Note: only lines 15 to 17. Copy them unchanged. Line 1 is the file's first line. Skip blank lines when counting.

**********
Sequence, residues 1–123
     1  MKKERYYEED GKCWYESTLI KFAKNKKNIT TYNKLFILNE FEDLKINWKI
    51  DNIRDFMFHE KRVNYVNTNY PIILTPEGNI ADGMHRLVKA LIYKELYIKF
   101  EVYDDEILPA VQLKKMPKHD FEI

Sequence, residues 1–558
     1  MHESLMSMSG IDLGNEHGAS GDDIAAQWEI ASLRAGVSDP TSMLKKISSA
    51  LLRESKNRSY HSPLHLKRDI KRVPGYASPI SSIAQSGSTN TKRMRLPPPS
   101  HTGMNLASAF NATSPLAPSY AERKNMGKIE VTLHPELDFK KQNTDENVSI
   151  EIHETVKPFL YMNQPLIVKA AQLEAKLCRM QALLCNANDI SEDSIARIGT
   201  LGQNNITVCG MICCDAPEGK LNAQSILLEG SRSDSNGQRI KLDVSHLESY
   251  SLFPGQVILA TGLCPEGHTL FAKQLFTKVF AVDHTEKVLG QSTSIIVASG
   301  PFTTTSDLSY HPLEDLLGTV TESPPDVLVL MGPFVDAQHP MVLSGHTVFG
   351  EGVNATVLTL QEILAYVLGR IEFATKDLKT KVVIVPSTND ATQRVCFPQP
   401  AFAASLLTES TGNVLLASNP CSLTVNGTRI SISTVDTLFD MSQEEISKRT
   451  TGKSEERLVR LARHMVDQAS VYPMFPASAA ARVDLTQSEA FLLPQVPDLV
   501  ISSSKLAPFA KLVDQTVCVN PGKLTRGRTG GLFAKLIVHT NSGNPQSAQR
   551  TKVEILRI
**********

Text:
   451  TGKSEERLVR LARHMVDQAS VYPMFPASAA ARVDLTQSEA FLLPQVPDLV
   501  ISSSKLAPFA KLVDQTVCVN PGKLTRGRTG GLFAKLIVHT NSGNPQSAQR
   551  TKVEILRI